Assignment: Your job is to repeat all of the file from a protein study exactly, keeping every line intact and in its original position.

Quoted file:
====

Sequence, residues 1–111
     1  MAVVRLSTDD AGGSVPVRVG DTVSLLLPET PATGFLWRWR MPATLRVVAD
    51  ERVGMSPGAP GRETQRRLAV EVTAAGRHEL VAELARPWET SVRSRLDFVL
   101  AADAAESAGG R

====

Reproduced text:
Sequence, residues 1–111
     1  MAVVRLSTDD AGGSVPVRVG DTVSLLLPET PATGFLWRWR MPATLRVVAD
    51  ERVGMSPGAP GRETQRRLAV EVTAAGRHEL VAELARPWET SVRSRLDFVL
   101  AADAAESAGG R